Abstract: In Nusu animism, the number and nature of a person's 'soul attributes' change during his or her lifetime and after death. Drawing on Michael Scott's study of Arosi poly-ontology, this article situates animistic personhood in a plural socio-cosmic order. Living and dead, human and non-human, Nusu and non-Nusu occupy separate, communicating domains. Meaningful exchanges across boundaries require the metamorphosis of persons and ideas. Nusu animism, continuously engaged in an 'algebra of souls', understands the self in terms of its multiplicity, its latent and emerging aspects. Through the ethnography of two death rituals--one 'real' and one staged for visiting researchers--this article shows that animism is being hyper-reflexively reinvented by Nusu animists themselves.
Keywords: animism, Christianity, death, metamorphosis, Nujiang, personhood, poly-ontology, Southwest China
In a large, almost empty conference room inside the rundown Liuku Hotel, Lani, an elderly Nusu man, slowly climbs steps up to the theatrical stage at the front of the room. (1) He is wearing a handmade woven jacket with narrow blue-and-white stripes, a self-consciously 'ethnic' garment (Ch. minzu fuzhuang). A machete hangs at his waist. Lani seizes the machete, still in its holster, and strikes it nine times on the stage floor. He is miming the way a Nusu shaman would open the ground of the burial plot to open the path for the deceased into the 'shadow realm', or mhade. (2)
In the ritual unfolding of a Nusu funeral, the yan-hla (soul or doppelganger) emerges from latency into full personhood, supplanting the corporeal existence of the deceased. Through transformations enacted in death and fire, the deceased and his or her belongings become ontologically other. This process of metamorphosis entails a geographical movement as well, as they set off for the land of the dead (mhade). Lani, onstage, is demonstrating the beginning of this journey for a group of researchers who traveled from Kunming, the capital city of Yunnan in Southwest China, to the province's remote northwestern frontier to study endangered traditions of ethnic minority music and dance. In his home village of Khrada, however, Lani ceased his ritual activities decades ago when he converted to Christianity.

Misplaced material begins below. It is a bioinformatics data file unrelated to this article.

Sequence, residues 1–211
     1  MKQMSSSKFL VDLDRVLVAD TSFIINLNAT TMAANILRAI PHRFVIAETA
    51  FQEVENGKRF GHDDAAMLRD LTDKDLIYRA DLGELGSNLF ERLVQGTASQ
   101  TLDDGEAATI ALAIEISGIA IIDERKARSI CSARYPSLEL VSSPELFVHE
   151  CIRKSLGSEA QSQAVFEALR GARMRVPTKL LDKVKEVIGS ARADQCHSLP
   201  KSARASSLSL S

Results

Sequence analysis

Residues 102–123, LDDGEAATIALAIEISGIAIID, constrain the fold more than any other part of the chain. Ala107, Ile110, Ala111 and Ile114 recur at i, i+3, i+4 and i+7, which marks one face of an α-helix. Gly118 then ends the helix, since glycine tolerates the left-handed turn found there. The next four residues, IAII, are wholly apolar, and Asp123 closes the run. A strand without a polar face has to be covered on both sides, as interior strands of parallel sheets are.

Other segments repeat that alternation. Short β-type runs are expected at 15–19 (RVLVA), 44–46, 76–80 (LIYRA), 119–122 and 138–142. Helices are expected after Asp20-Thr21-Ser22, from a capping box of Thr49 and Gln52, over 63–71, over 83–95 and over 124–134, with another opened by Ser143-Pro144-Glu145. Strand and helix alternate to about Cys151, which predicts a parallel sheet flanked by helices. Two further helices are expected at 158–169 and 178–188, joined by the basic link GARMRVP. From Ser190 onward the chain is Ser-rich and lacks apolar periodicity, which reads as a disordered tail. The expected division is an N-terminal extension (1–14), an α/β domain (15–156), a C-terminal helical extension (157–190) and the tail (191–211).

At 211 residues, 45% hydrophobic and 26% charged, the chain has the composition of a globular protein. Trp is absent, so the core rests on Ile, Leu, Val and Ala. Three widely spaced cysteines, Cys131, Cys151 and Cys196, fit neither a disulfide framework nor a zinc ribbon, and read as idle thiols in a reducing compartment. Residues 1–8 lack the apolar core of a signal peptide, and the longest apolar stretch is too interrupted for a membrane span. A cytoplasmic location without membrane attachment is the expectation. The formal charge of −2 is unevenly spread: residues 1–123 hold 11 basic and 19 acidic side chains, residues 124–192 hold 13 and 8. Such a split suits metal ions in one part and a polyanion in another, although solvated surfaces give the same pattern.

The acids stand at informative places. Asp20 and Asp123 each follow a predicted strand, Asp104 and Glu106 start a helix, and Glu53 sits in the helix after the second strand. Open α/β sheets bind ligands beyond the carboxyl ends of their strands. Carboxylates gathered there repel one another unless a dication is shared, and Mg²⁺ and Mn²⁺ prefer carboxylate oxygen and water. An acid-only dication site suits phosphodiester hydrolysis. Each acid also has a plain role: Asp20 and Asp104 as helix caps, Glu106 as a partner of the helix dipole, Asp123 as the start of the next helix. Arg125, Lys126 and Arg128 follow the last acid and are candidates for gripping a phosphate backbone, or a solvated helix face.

The cleavage between the living and the dead, mapped out in separate geographies and enacted in the ritualized transformation of the person, reflects the poly-ontological character of Nusu animism, which I explore in this article. For Lani and other Nusu participants in the research encounter, it is echoed in a further ontological divide, between themselves and the researchers documenting their cultural artifacts. More than a matter of linguistic or social differences, for Nusu, different ethnicities, like different states of being, are essentially and irreducibly different, but interactions can occur across ontological divides. The key to this is metamorphosis.
Metamorphosis and Animism
This article takes metamorphosis as a starting point to explore poly-ontological animism among the Nusu in Southwest China. The transformation of persons and ideas enables productive exchanges across boundaries in a fundamentally plural socio-cosmic order. In looking at animism, my focus is on how Nusu understand the invisible dimensions...